grandma, Mabel Reynolds Ostrander, and I shared one of
those special relationships as rare as a double rainbow.
She was fifty-three when I was ten. That’s when we
planted our first “Victory” garden together during
World War II. We planted seeds together—in the soil and
in each other.
lived eighty-seven seasons without a complaint. I was
forty-four when I last saw her. But I remember every mince
and lemon tart, every bite of “made from scratch”
apple pie, and every lingering wave of her hand as she
stood (out of sight or so she thought) behind the rayon,
Priscilla curtains in the little house at 718 West
Pennsylvania Avenue in San Diego, California, where I was
born and raised. As our station wagon full of kids and
contentment would slowly pull away from the curb, we would
all look back at her and wave—and I would gaze at her
fragile silhouette through the rear view mirror, wishing I
could frame her there forever, just that way—wondering
how many more Easter and Christmas dinners we would share.
of all, I remember my grandma and me planting seeds. We
planted squash, beans, corn, watermelons, beets, pansies,
mums and other flowers. I’ll admit I rode my bike those
twenty miles each Saturday more for the bonus of the
conversation and the homemade pastries than for the
vegetables and flowers.
But no matter how full I was after
I ate, I was always left hungry for more of the wisdom and
optimism she shared with me.
never forget the day we tasted our first harvest as a
result of crossing a plum tree with an apricot tree. The
ripe fruit was pink, not purple like a plum, nor orange
like an apricot; but a combination of both. “Gee, do you
suppose they’ll be any good?” I asked. “Why of
course they will be wonderful,” she chided. “Didn’t
we do the planting, nurturing and pruning?”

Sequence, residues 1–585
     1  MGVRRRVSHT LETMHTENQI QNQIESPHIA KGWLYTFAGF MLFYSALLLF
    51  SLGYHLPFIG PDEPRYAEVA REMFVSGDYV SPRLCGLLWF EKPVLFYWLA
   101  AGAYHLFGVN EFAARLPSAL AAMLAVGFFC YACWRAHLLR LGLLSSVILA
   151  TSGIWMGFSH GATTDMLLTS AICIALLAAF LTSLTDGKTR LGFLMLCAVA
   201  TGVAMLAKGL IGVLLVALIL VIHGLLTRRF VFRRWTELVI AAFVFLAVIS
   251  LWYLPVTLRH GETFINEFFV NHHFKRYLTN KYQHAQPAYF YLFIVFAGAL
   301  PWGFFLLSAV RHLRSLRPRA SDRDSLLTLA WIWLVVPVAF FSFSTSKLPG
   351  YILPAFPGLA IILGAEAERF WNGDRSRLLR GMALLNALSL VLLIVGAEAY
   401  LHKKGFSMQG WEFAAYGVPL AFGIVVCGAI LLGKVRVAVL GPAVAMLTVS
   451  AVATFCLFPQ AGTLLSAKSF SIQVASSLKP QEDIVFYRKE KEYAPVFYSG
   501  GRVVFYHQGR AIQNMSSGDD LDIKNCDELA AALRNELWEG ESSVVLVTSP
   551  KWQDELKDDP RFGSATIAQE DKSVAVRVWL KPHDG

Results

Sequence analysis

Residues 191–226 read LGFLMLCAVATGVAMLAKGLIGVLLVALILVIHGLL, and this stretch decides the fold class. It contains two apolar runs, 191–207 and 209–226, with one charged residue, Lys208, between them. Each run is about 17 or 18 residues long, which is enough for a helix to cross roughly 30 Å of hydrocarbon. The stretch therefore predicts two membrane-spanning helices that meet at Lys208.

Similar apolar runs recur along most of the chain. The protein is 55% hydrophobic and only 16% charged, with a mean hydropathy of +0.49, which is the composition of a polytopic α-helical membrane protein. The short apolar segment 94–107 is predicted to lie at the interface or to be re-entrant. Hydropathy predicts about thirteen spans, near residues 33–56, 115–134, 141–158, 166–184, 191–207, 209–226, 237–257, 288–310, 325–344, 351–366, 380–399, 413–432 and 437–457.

enough, they were delicious, even though they were
different than any fruit I’d ever seen before.
“That’s because they are uniquely unlike any other
fruit you’ll ever eat. They are plumcots!” she
exulted. “You always get out what you put in,” she
continued as we sat under the tree eating most of what we
apple seeds and you get apple trees, plant acorns and you
get majestic oak trees, plant weeds and you will harvest
weeds (even without watering), plant the seeds of great
ideas and you will get great individuals,” she said
softly and intently, looking directly into my eyes. “Do
you understand what I mean?” I nodded, remembering I’d
heard her say the same thing before, in different ways.
learned from my grandma that the seeds of greatness are
not special genes, dependent on the gifted birth, the
inherited bank account, the intellect, the skin-deep
beauty, the race, the gender, or the status. The seeds of
greatness are attitudes and beliefs that begin in children
by observing, imitating and internalizing the lifestyles
of significant role models and heroes.
your thoughts and actions after men and women who have
been passionate, excellent, honest, unselfish and creative
in their service to others,” my grandmother had
counseled. Armed with that affirmation, I ventured forth
to sow and reap my own legacy in life.
traveled the world to the seven seas.
I’ve been up at the top and down on my knees.
I’ve been blessed with abundance and plenty of weeds.
But I’ve never stopped caring about others’ needs.
you tend your own garden, unlike any other,
Remember the words of my lovely grandmother.
“If you’re hoping to harvest a life of great deeds,
Remember you first have to plant some great seeds.”
~ ~ ~ ~ ~
Reproduced with permission from the Denis Waitley
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